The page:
WASHINGTON, D.C.—Cardiac imaging accounts for 15 percent of the radiation exposure in the U.S. While particular attention has been paid to reducing dose for coronary CT angiography (CCTA), nuclear studies still emit high levels of radiation, according to Andrew J. Einstein, MD, during a presentation Wednesday at the 2010 annual Transcatheter Cardiovascular Therapeutics (TCT) meeting.
"We don't want to overlook the fact that the biggest clinical significance of radiation exposure are the benefits. Ultimately, this exposure to ionizing radiation can improve patient and societal outcomes." said Einstein, who is from Columbia University Medical Center in New York City.
He noted that two forms of radiation effects—deterministic or stochastic—are crucial to evaluate. Deterministic effects, such as skin burns and radiation sickness, are caused when radiation kills cells, while stochastic effects are caused when radiation mutates cells.
"Deterministic effects occur only above the threshold dose, which typically is going to be high, and only after a large proportion of cells have been killed by radiation—which varies from individual to individual," he said.
Regarding stochastic effects, the common assumption is that risk is proportional to dose at low doses. However, stochastic effects do not necessarily depend on dose. Additionally, these cancers occur only after a latency period of about five to 10 years.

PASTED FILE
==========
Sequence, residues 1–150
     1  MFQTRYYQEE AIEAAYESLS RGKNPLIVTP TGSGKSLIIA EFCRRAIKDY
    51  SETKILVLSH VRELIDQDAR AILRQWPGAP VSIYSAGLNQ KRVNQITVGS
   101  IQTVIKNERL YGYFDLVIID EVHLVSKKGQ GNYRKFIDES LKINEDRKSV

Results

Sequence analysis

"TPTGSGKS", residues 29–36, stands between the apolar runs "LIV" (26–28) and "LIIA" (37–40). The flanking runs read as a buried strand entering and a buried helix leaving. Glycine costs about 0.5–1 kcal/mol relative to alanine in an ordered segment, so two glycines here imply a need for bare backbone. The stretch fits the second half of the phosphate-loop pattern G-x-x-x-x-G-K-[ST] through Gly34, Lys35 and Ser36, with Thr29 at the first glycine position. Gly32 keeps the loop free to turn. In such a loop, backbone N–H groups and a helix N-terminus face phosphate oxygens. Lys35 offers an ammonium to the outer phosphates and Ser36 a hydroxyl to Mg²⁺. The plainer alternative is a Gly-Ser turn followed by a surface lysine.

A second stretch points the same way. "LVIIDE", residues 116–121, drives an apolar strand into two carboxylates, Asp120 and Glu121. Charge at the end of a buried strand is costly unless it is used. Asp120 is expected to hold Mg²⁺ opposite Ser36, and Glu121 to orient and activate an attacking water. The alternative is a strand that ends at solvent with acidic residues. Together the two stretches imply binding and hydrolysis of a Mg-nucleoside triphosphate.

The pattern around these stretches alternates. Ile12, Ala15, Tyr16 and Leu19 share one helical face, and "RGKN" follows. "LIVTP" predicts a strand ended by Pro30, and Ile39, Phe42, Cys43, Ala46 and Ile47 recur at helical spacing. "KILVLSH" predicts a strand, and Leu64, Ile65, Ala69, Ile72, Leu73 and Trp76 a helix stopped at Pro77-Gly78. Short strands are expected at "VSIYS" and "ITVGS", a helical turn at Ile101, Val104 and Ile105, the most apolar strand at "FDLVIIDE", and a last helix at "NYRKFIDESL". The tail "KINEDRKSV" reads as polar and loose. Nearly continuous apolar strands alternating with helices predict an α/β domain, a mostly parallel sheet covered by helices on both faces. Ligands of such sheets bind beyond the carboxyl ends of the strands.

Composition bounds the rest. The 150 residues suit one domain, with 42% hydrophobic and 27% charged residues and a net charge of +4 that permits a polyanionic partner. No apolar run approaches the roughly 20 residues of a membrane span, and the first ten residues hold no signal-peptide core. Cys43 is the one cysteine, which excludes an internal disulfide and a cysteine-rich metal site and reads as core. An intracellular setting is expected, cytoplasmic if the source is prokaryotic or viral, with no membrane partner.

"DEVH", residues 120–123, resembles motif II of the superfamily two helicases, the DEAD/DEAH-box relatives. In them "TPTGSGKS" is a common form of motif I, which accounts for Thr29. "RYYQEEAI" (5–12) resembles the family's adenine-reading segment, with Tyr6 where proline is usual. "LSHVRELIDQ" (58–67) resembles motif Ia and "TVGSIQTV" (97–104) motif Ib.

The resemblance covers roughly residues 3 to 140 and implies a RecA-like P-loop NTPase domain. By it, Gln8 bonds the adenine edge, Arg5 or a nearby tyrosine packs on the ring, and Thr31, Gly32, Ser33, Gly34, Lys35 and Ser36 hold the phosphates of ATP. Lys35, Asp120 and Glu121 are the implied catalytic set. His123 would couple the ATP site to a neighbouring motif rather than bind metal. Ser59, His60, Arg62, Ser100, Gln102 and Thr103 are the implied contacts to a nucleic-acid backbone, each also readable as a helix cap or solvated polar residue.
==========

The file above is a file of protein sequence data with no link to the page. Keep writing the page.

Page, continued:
Einstein asked, "What are the typical effective doses of cardiac studies using traditional protocols and how do we know that patients are not at risk of developing cancer downstream?"
There also can be wide variation. A diagnostic cardiac cath has a typical effective dose of almost 7 mSv, but the dose may vary depending on equipment, operator experience and technique. Just a few years ago, the typical dose from a CCTA exam averaged 15 mSv to 20 mSv. Today, it is possible—with certain equipment and protocols—to conduct the same exam with less than 5 mSv exposure. CT calcium scoring on average emits about 2 mSv of radiation.
While research into CT imaging has resulted in dramatically reduced exposure, nuclear and fluoroscopy imaging have some catching up to do.
SPECT imaging with a single-day, low-dose rest, high-dose stress protocol can emit 10 mSv, while a dual-isotope protocol has a typical effective dose of almost 25 mSv. "How do we know these nuclear cardiology patients may develop malignancies?" Einstein asked.
Previous epidemiological studies on which radiation dose exposure is based are from Japanese survivors of atomic bomb blasts, as well as from workers exposed to radiation. No data exist from large medically exposed populations, he noted.
Atomic bomb survivors were exposed to a median radiation dose of 29 mSv, leading to a 2 percent excess relative risk of cancer. Comparatively, fetuses exposed to x-ray exposures experience a typical dose of 10 mSv, which was related to a 40 percent excess relative risk of cancer. Lastly, radiation workers in 15 countries exposed to an average of 10 mSv saw a statistically significant relative risk of cancer.
"Even though we need better epidemiological data, we think these low radiation doses [in cardiac imaging] can be related to developing an increased risk of malignancy," Einstein said.
"If these procedures were only used infrequently, there wouldn't be a potential public health problem," he added.